10. Leland says:

    Me too… invite…Googled… here… SPAM!

    thanks, you saved me sum big trumble 2! :)

  11. Roy says:

    I feel very violated with SMC.AC for their exploitation of our email & password. At the same time, I feel like a total jackass for actually entering my password on some dumb internet site. I am not sure to what degree they used my password, for all I know, they could’ve looked through my email and etc. I know that they were very cunning and sly about sending out invitations, because they were careful not to send the same message to the same person with different accounts that were listed in my address book. Is there a way to formally file a complaint? Arrrrg, I am such a fxxxin moron… for actually falling for one of these.

  12. mac says:

    I to was a victim of my thinking this was a good thing. The only Messages that seem to be getting thru are theirs.If Anyone knows how to cancel this nightmare. Pleae post it .

  13. Nathaniel Ngo says:

    I don’t know if any of you have noticed this, but I have unsubscribed from SMS.ac (and use their “delete account” function) for over 2 months now and they still spam my friends with invitation. I have also tried to contact their customer service asking them to any information that was linked to my ID but they didn’t reply. It’s disappointing that SMS.ac had a good concept but they chose to abuse it.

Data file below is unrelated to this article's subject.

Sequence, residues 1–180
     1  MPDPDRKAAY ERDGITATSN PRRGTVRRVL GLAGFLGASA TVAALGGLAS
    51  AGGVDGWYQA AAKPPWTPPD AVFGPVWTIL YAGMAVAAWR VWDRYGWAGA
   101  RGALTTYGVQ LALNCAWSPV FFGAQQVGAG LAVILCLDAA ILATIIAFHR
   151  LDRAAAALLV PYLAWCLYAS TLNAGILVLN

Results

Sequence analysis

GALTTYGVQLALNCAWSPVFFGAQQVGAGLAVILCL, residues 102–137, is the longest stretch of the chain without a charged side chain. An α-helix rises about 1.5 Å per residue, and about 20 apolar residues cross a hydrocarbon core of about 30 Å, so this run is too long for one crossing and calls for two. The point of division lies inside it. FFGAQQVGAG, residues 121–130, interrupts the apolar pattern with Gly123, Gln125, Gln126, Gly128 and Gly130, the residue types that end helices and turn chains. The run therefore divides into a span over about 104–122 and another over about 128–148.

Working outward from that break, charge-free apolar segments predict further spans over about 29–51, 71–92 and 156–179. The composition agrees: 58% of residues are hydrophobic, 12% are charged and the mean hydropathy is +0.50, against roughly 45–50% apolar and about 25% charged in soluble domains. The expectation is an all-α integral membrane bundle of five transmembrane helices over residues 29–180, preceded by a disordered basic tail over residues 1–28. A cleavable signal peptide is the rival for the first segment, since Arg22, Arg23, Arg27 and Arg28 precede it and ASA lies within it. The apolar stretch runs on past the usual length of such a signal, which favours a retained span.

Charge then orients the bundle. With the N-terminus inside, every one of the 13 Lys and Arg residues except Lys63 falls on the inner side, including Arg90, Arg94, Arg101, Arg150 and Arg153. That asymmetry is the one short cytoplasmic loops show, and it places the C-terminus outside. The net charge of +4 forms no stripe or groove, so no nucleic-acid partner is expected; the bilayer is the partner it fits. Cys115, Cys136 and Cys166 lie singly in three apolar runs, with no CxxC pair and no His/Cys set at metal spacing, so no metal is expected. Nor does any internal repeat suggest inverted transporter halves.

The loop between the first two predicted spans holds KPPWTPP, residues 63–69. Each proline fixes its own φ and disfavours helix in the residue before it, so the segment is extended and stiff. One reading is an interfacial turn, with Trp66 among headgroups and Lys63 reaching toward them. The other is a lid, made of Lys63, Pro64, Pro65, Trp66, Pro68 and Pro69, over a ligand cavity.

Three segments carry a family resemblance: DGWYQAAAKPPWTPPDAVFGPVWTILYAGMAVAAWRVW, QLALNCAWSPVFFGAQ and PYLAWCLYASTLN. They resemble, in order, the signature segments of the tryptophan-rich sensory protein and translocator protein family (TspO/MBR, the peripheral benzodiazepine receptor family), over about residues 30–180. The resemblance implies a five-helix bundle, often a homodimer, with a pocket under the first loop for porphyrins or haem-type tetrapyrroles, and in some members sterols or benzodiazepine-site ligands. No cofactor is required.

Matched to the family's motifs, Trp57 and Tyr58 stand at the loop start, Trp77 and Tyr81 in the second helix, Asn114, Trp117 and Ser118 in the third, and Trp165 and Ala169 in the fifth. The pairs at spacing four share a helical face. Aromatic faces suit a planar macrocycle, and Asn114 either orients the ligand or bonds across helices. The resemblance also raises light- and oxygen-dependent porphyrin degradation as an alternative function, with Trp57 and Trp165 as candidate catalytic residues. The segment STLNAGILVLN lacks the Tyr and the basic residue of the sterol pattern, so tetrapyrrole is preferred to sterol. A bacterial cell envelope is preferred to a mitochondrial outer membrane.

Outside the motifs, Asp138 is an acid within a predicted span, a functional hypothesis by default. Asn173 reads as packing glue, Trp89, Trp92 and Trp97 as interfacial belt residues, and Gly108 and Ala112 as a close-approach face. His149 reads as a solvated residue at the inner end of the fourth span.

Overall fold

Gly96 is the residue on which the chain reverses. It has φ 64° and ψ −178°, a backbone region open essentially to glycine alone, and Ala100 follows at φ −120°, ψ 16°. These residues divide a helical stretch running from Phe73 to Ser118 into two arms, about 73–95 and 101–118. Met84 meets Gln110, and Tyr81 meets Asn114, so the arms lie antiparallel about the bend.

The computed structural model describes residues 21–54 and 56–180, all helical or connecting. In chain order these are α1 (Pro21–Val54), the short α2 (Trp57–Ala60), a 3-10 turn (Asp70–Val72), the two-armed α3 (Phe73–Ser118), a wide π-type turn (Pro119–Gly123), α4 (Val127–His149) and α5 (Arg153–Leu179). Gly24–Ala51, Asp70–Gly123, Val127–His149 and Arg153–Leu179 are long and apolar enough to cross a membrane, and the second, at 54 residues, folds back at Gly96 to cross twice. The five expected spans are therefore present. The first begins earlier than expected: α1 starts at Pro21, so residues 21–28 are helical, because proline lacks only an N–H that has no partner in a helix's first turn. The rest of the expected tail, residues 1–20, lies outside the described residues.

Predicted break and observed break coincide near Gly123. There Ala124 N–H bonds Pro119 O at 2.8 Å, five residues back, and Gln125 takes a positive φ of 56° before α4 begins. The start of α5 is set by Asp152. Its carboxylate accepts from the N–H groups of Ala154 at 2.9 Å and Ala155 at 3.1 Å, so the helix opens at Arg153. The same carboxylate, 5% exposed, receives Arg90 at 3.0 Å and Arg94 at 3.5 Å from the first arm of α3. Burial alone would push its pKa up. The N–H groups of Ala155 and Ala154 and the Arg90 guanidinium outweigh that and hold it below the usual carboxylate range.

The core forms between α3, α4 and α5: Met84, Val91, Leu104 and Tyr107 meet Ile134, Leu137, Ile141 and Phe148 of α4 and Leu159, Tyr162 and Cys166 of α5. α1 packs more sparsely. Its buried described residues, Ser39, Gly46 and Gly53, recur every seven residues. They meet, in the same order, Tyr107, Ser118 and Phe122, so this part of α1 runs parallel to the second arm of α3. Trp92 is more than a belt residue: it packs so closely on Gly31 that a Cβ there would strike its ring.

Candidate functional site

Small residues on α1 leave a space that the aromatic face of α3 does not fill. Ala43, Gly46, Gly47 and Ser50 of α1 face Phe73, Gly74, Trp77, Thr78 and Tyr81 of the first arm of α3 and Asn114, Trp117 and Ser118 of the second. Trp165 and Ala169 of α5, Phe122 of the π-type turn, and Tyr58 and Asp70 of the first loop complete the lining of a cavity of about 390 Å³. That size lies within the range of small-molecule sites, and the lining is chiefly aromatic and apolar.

Please let me know if any of you have successfully unsubscribed to this service.

  14. lil says:

    Yeah, the crappy design of the site set of warning bells in my mind, as did the fact that it wasn’t even a dot com. That doesn’t always mean anything, but it gave me pause. Glad I checked them out.

    Just creepy.

  15. Anonymous says:

    if anyone has any idea how you can stop the invitations from getting sent please post!!!!!!

  16. Monoxide says:

    me.. invited.. accepted.. notstoopidenuff2enterhotmailinfo.. spammedhardcore.. googled.. endeduphere.. unsubscribed.. IAMFREENOW

  17. neli says:

    i’m stuck with si many expensive message from sms.ac i want to unsuscribe

  18. ben says:

    i share the same sentiments … that crap is a rip off! having received sms from strange people and getting billed each time!

  19. Chloe says:

    hey, can someone help me?? i recieve about 8-10 messages a day from this site, i have not signed up and i dont know what to do.. can anyone help?

    if so please email me on